The food science and technology industry demands that professionals—and students gearing up for a career in the profession—stay current with the fast pace of product change and scientific progress. That’s why a group of Washington State University students are cramming for a test of knowledge that is more than just a game.
The WSU Food Science College Bowl team will be traveling to the University of California at Davis April 5 to take on the competition at the regional meeting of the Institute of Food Technologists (IFT).
The team, coached by associate professor of food science, Joe Powers, has been cramming overtime to prepare for the competition. The team studies together several hours a week, filling their heads with the answers to a wide variety of questions that range from the mundane to the arcane. With twenty categories of questions, from food safety and microbiology to food processing and nutrition, the team needs to be prepared for anything.
“The questions cover everything from soup to nuts,” Powers said.
What enzyme, they might be asked, breaks down pectin molecules and causes fruit tissue softening? Why, polygalacturonase, a word so long even the best competitor would be lucky to get it said before the buzzer. Or try this: Name four fruits commonly thought of as vegetables. Tomato, a well-known straddler between fruits and vegetables, is one; three others are cucumber, avocado and olives. And can you name the bacteria most commonly used in genetic engineering? That would be E. coli, the ubiquitous bug found in the guts of most mammals.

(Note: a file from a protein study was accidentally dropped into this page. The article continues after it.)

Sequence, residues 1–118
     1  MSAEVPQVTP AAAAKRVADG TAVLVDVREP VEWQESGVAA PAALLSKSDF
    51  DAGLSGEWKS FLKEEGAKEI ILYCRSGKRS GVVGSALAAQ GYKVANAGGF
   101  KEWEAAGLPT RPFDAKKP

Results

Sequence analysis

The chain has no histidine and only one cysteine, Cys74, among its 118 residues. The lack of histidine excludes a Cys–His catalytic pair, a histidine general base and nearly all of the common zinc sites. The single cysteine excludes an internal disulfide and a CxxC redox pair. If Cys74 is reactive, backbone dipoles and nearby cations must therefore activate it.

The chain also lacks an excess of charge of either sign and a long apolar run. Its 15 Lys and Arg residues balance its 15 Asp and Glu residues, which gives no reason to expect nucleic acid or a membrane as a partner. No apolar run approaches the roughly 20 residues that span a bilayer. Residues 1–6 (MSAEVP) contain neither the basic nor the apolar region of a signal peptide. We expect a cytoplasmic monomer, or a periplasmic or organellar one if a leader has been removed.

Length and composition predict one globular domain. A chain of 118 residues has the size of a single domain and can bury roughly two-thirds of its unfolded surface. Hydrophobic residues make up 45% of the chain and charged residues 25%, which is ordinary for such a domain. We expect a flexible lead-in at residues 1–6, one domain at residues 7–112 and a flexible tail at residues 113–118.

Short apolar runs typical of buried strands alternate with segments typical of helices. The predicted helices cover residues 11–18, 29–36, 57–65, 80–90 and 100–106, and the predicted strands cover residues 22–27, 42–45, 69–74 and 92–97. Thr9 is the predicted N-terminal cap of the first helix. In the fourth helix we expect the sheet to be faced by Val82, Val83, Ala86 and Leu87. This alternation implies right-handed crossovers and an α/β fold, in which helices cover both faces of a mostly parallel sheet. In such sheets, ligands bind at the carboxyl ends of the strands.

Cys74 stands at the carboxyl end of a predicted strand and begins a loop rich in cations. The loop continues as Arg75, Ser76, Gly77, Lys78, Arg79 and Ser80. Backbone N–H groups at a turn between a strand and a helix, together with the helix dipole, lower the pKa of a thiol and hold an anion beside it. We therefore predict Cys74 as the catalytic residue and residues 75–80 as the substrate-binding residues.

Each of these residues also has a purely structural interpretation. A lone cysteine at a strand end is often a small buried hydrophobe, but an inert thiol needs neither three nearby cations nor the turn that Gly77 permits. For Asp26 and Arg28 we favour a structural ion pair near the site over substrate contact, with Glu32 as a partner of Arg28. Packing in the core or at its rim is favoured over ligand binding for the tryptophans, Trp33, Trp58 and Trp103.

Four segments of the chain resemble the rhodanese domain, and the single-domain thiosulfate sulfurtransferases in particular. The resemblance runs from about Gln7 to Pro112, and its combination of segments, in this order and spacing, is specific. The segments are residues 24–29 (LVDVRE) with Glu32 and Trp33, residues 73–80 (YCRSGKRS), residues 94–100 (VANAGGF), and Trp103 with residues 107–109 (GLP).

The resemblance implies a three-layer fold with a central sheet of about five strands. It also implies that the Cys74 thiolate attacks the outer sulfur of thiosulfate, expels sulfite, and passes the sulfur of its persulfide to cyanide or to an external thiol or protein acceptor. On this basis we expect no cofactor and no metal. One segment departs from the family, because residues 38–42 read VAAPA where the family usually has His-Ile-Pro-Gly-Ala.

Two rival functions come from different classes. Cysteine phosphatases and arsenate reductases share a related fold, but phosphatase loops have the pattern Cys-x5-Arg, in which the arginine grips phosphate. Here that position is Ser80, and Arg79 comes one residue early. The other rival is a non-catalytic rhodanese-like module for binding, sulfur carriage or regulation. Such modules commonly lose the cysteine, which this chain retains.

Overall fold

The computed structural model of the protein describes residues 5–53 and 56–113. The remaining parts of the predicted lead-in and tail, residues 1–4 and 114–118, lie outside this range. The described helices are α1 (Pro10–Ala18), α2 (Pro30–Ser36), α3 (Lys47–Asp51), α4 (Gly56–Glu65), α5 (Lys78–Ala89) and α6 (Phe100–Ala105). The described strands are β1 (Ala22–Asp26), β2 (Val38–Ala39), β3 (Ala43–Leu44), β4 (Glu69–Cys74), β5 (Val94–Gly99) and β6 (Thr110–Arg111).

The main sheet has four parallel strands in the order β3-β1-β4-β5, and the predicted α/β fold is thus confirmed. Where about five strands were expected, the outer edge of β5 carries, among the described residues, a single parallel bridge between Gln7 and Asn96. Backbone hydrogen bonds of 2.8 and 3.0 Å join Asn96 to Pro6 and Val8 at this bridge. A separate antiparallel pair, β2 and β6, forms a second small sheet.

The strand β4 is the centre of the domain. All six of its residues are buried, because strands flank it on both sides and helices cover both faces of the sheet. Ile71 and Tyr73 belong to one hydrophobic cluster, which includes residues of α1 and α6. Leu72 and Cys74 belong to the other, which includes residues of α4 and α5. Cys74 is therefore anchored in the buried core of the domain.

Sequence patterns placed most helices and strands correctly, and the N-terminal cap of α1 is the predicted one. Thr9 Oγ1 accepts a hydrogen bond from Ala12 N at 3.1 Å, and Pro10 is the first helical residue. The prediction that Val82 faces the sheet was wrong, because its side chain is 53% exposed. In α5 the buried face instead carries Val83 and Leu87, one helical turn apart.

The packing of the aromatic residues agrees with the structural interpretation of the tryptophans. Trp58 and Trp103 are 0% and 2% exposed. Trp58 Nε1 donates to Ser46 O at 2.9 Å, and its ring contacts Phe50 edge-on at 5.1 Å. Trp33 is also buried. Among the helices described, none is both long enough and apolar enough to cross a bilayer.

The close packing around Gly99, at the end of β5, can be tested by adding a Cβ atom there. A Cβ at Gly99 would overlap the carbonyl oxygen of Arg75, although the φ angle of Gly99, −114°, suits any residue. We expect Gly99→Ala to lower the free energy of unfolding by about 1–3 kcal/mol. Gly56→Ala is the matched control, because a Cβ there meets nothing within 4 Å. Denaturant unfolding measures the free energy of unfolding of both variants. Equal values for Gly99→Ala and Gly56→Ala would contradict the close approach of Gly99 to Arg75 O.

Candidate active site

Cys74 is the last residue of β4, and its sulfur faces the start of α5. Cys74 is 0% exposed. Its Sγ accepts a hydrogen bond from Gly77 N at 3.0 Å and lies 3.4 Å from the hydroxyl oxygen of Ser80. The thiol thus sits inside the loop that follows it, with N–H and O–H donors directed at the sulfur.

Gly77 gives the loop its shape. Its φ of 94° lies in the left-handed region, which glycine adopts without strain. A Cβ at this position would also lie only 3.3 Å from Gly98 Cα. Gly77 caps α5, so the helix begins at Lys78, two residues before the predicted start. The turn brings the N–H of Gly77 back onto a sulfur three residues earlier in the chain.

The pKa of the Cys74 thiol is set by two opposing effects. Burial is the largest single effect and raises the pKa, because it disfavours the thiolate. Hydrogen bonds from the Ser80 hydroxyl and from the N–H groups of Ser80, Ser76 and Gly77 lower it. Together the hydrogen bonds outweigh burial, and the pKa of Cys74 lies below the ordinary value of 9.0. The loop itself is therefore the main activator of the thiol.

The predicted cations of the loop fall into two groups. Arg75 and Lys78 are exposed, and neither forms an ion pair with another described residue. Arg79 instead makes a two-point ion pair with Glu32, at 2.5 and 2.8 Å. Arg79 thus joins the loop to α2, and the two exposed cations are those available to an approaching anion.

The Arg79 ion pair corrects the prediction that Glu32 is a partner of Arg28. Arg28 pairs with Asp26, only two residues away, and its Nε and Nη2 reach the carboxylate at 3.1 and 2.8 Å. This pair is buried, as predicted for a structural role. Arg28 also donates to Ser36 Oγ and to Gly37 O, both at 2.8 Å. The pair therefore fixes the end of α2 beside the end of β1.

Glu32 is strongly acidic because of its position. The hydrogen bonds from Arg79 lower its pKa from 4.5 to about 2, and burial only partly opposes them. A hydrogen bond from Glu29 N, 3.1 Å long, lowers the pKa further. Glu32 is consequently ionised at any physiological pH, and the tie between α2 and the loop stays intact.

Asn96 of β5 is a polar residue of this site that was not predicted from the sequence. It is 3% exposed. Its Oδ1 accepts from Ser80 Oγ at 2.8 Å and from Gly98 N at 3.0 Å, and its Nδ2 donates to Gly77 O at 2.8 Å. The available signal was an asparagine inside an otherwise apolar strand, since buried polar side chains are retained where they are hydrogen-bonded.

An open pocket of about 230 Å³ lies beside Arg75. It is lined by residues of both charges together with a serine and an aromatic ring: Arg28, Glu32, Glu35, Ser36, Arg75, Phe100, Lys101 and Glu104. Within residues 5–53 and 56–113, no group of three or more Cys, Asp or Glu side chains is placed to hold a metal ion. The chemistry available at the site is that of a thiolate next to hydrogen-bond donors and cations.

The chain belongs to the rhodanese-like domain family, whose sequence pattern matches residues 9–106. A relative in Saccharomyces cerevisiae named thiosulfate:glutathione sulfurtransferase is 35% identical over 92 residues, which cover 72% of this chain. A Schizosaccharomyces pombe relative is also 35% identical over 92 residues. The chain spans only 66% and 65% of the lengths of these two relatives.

Competing in the ITF College Bowl, said Korean grad student Kyoung-Joo Lee, is a way to expand her knowledge of food science. Kyoung, who is working on her doctorate, hopes to work as a researcher after graduation. For undergraduate Sean Moran, a Washington native, “the competition is an adventure! Besides,” he added, “I’m really learning a lot working with graduate students and I get to go to California.” Ever the food scientist, Moran said, “I guess you could say I get to have my cake and eat it, too!” Moran wants to be a research chef after graduation.
For Amélie Dubé Morneau, who came to Pullman via Montréal, the competition addresses an anxiety shared by all grad students: “It helps me prepare for the qualifying exams in my Ph.D. program.” Laura Hill, who is working on her Master’s, said the teamwork and preparation are filling gaps in her food science knowledge.
For doctoral student Coco Umiker, competing with the team is “a good way to stay sharp, to keep my breadth of knowledge sharp. Grad school can get you so focused on particular issues that you can get kind of myopic.”
Hill, Umiker and Morneau are all conducting wine-related research at WSU and hope to continue in the industry after graduation.
Joe Powers, who has been coaching WSU college bowl teams for ten years, said, “We’ve got our fingers crossed. UC Davis is a tough competitor, but this team is well prepared. They’ve been studying hard.”